The Buoys: As Fiona Blows Up, Sail Drone Tracks from Within

September 23, 2022

Incredible footage.

Yale Climate Connections:

NOAA oceanographer Greg Foltz knew it was going to be a long night last fall when he saw Hurricane Sam‘s trajectory. Glued to the National Hurricane Center data, Foltz, who works in NOAA’s Atlantic Oceanographic and Meteorological Laboratory in Miami, examined the storm’s tracking and intensity and conducted an analysis of the satellite images and data.

He needed to estimate the hurricane’s trajectory over the next 12-24 hours so he could position his instruments. He wasn’t trying to pull his costly equipment away from the hurricane’s path, though. In fact, he was doing the opposite. He wanted to position an uncrewed surface vehicle (USV) called a Saildrone right in the path of the storm. A direct hit by the ferocious Category 4 storm was just what he was looking for.

As he closely monitored the storm, Foltz sent messages to Saildrone’s “mission control” when he wanted to change the vehicle’s path. For example, if he thought the storm would veer a little further to the west, he would send the team a new waypoint to adjust it.

“It was a constant back and forth adjusting the location that we wanted the Saildrone to be in to go through the strongest part of the storm,” Foltz says. “I was directing in real time where to take the Saildrone to get it in the best spot to go through the strongest part of the hurricane, and that was exciting. I didn’t really sleep at all the night before as I was trying to get it into the right position.”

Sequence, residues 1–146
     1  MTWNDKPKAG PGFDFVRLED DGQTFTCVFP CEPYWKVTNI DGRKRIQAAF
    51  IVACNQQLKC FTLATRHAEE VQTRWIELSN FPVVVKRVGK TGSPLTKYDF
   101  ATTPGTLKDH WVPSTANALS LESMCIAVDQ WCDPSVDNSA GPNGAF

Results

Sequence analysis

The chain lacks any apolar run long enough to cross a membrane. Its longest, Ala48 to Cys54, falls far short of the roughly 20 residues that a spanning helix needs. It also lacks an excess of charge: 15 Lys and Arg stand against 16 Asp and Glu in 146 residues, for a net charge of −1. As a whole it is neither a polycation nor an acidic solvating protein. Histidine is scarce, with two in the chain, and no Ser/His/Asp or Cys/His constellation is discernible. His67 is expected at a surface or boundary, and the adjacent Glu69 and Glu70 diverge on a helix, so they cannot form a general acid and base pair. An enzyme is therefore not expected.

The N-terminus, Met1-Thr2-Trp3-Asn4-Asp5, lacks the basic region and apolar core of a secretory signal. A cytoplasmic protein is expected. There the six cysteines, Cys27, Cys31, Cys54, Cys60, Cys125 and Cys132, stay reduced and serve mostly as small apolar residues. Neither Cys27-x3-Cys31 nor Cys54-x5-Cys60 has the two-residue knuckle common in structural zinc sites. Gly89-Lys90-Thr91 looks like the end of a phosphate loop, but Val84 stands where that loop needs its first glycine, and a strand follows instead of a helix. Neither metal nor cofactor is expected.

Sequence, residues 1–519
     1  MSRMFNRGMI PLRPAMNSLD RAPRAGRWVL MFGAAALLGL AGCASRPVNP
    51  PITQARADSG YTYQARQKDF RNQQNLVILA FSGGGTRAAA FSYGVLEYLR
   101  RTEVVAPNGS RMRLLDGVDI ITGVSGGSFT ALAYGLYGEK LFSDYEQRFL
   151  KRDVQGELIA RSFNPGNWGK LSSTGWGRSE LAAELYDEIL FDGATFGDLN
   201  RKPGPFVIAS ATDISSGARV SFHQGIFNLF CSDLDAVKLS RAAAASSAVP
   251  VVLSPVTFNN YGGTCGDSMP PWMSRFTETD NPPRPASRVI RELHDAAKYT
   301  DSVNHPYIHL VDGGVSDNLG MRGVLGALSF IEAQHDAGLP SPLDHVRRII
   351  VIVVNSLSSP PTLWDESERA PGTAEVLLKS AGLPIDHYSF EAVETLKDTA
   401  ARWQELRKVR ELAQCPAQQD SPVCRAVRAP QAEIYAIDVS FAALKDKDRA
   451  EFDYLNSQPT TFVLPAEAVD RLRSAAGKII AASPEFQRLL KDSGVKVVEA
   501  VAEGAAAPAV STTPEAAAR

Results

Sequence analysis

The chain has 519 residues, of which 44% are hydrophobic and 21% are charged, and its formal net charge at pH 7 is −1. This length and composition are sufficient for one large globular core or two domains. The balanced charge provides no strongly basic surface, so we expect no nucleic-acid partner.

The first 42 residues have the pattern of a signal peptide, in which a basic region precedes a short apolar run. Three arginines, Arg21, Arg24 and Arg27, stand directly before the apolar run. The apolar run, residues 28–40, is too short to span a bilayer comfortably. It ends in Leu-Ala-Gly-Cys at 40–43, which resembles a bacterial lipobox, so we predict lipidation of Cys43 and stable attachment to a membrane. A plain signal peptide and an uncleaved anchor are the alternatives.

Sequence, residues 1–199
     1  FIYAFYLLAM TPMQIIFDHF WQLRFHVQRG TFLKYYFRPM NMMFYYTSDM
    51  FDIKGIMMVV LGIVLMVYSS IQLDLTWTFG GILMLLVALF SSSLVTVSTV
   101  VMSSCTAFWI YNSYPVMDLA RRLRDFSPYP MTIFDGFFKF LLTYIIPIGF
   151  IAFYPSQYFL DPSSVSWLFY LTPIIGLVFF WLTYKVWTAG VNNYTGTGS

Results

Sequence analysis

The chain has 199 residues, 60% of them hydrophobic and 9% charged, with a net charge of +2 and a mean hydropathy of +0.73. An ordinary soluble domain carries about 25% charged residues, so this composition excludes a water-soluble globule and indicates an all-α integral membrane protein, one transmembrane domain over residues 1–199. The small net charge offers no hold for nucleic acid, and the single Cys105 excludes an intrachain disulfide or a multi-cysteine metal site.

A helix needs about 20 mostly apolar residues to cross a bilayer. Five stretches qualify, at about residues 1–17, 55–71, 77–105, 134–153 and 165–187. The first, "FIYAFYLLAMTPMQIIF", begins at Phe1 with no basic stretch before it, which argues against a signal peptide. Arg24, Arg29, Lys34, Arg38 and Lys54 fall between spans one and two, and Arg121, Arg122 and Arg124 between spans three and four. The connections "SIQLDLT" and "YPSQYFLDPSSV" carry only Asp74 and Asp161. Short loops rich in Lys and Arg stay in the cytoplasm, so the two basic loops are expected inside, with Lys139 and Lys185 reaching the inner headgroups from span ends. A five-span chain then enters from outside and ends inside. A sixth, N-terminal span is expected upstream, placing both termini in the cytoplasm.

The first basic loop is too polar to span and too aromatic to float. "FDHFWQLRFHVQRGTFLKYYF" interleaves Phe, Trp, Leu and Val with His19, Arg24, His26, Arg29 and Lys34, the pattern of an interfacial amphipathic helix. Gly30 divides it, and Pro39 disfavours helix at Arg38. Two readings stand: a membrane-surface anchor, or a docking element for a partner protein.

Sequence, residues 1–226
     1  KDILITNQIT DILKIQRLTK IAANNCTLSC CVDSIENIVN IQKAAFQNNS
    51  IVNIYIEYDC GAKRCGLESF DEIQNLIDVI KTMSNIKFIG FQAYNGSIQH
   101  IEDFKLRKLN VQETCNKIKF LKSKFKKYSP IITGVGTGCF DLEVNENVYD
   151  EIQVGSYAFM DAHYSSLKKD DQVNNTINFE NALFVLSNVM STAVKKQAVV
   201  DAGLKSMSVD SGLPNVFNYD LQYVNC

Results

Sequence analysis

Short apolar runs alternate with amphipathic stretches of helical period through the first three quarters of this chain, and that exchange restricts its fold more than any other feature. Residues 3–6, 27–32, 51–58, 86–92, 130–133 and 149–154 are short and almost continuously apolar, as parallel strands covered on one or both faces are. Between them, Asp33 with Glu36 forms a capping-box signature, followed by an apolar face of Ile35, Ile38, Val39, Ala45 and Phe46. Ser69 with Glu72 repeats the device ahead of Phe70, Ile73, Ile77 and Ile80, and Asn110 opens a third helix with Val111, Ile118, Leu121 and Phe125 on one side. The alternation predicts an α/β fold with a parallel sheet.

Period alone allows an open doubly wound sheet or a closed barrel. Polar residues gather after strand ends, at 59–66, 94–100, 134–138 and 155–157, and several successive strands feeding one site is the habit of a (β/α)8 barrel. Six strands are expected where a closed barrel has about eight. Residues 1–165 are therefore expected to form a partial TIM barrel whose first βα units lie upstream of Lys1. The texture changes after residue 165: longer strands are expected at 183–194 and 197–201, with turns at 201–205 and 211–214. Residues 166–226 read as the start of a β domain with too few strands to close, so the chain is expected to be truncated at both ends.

Equipped with a “hurricane wing,” the Saildrone could be remotely controlled, with scientists adjusting the sail from afar in order to steer the craft. The hurricane Saildrones differ from some of the company’s other products, which are used for projects like ocean mapping, ocean data collection, and maritime domain awareness,

“It’s that difference of a smaller, stubbier, hardier wing that we use with the hurricane drones to help improve their endurance and capability to survive during some of the very rough weather they may find themselves in during hurricane season,” says Matt Womble, Director of Ocean Data Programs for Saildrone, Inc.

As Hurricane Sam’s powerful Category 4 winds and monster waves battered the USV, the team waited and watched. Live data and video footage rolled in, allowing them a peek into the storm’s fury. After the weather calmed, they were able to steer it to Bermuda to retrieve it, mostly unscathed.

Expanding Hurricane Saildrone project this hurricane season

After last year’s successful mission, NOAA and Saildrone are expanding the project this year by adding two additional Saildrones, for a total of seven. Hurricane season runs from June to November, and this year two drones are positioned in the Gulf of Mexico and five others are in the Atlantic and Caribbean. The researchers deploy them to locations where they think there is a good chance a storm will develop. Last year, the Saildrones collected data about Hurricane Sam, in addition to four tropical storms, as well as a few weaker tropical depressions and storms.

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